Monday, October 10, 2011

How badly do we want this?

On the television right now are several talent shows from different continents. I think they are both called the X-Factor, with one being held in the UK, and the other, here in the USA. After the huge audition rounds, the next step is what is called ‘boot camp’ followed by ‘judges’ houses’, where the competitors are jetted to some exotic location somewhere far from where they live, and go through yet another round of very tough judging from another group of judges together with the usual four. When these competitors come to face the judges in their houses, they are often asked one question before launching into their song, and it is this – ‘tell us, how bad(ly) do you want this’, to which the contestants are wont to say “oh, you wouldn’t believe just how much!”

Much as it is a predictable response from these celebrity hopefuls, what lies behind the question is the fact that wanting all the trappings of success on the celebrity scene comes with it a truckload of difficulties, challenges and heartbreaks that no one seems to envisage before they get it. As I study theology, and deepen my spiritual insights on life and the great challenge that Christianity poses to every one her believers, it is clearer and clearer to me that this question is also asked of each believer at various times of one’s life.

What is our ultimate aim in life? What are all our hopes and aspirations and dreams and endeavours as we live this life? Oh, I am sure that many will respond that it really depends on what we want in life – some of us are family centered, and want that to be the ultimate aim in life; some are so contented to be married and to have each other as spouses to see them through the days of their lives; some are career minded and want to really go as far as they can to succeed in their jobs. And I am sure there are many, many other ‘options’.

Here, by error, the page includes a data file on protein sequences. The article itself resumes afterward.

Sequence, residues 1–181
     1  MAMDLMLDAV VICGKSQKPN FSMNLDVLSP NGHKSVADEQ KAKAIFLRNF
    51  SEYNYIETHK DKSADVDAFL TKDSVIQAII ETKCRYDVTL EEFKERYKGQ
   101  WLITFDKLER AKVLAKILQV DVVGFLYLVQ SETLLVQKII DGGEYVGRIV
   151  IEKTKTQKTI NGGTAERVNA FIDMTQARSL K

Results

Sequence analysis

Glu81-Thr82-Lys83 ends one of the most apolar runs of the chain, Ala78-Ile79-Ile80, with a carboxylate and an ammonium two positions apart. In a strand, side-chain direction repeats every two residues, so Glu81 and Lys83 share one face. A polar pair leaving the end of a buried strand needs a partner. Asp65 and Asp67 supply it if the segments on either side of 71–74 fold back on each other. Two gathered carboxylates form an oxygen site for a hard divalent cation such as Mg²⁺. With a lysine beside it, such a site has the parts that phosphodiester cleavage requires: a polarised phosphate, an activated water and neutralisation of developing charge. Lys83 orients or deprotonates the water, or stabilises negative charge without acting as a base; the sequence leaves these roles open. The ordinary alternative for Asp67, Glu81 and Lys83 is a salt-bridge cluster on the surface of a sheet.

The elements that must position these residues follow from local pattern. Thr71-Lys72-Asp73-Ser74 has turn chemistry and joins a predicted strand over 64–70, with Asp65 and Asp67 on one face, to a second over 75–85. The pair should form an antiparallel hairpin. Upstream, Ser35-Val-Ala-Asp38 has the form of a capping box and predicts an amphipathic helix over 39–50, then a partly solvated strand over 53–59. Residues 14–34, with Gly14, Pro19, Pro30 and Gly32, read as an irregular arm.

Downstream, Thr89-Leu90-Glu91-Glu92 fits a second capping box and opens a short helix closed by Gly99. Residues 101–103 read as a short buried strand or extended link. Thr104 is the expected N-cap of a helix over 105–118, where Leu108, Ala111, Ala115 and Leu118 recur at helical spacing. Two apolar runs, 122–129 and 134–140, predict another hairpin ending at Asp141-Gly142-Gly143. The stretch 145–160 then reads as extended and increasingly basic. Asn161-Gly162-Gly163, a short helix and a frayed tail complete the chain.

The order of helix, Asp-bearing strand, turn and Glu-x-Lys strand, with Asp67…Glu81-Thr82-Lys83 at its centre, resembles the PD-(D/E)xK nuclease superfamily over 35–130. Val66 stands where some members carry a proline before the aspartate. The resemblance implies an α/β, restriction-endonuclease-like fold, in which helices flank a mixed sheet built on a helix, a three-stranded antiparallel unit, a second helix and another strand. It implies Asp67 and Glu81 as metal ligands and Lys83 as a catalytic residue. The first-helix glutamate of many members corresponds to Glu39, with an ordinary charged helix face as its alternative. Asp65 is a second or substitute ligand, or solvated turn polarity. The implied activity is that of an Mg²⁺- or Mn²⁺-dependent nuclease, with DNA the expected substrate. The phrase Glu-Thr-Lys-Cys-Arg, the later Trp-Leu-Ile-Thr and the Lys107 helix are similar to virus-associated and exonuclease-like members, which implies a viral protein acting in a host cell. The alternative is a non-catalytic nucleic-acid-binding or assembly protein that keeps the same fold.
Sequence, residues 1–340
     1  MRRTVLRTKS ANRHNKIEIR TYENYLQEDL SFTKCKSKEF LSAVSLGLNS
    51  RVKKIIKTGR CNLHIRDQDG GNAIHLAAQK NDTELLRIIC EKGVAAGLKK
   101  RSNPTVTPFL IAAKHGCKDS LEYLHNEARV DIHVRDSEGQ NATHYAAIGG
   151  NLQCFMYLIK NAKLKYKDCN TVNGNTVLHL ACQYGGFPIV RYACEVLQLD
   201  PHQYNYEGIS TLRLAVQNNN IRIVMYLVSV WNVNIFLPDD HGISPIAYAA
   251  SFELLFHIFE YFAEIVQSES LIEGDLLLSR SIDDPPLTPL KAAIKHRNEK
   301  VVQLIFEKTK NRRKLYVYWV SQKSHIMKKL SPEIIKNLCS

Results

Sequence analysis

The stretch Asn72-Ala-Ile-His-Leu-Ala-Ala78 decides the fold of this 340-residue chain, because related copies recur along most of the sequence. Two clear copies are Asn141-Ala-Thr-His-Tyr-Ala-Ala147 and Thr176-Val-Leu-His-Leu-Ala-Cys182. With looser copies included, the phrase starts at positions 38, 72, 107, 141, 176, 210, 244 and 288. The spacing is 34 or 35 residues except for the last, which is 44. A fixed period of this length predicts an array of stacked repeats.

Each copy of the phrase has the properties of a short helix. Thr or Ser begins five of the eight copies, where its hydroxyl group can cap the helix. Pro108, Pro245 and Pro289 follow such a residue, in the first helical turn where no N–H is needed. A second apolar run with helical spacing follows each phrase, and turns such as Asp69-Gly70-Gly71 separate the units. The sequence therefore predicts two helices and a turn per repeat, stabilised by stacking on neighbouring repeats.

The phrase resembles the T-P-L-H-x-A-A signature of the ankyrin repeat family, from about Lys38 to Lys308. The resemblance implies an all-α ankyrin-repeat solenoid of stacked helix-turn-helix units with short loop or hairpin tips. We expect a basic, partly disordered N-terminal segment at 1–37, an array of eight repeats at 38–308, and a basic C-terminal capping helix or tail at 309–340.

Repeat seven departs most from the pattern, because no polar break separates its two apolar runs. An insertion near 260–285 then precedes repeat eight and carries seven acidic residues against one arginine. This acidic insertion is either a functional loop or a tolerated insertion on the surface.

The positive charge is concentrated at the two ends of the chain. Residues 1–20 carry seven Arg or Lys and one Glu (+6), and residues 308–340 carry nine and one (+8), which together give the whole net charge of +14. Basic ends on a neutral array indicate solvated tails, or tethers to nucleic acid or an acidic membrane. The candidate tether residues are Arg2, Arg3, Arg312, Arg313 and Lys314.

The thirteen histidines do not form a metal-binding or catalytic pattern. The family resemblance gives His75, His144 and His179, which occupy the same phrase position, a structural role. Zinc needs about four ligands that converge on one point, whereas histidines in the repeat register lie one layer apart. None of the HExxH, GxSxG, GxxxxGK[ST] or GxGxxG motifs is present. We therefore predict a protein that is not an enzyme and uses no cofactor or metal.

Though these are not bad per se, for us Christians, we cannot but remember that beyond these things, which are good and wholesome (at least we hope they are), we all have one common aim and goal in life, and that is to love and serve God first and to be with him in the next life. That familiar first question of the Baltimore Catechism puts it in the proverbial nutshell.

Knowing that well and having it engrained in us will set us right in our relationships with one another, and with the way in which we interact with nature and the world, and all that is in it. The problem is that even as Christians, not all of us are convinced that this is the fundamental imperative and so, we set all sorts of different priorities and agendas in our lives, oftentimes clashing one with the other, causing a whole gamut of stresses and anxieties. Yesterday’s gospel text of the rejected invitation to the wedding banquet uses those excuses as an analogue for our own excuses why we often find ourselves not wanting to respond wholeheartedly to the offer of the divine life by the one who is Divine.

But I can also see that an inadequate understanding of what it means to love God as the number one love can do to many who think they understand what this entails. Many think that it means that they have to abandon their families, be underachievers in their workplaces, and live consecrated lives, and to forego happiness and pleasure in life. That is a false or misunderstood definition of what holiness is. Holiness is not saying “I can’t do that, or do this now”. It is “I can see the pleasure that this gives me, but I can also see that there is a greater, more perduring pleasure that I should be aiming for, and I will take great efforts to choose that with my will and intellect”. Of course, that ‘struggle’ is what each one of us faces every time our lives come to any sort of crossroads that requires of us to make a decision of where we should be going; what road we should be taking.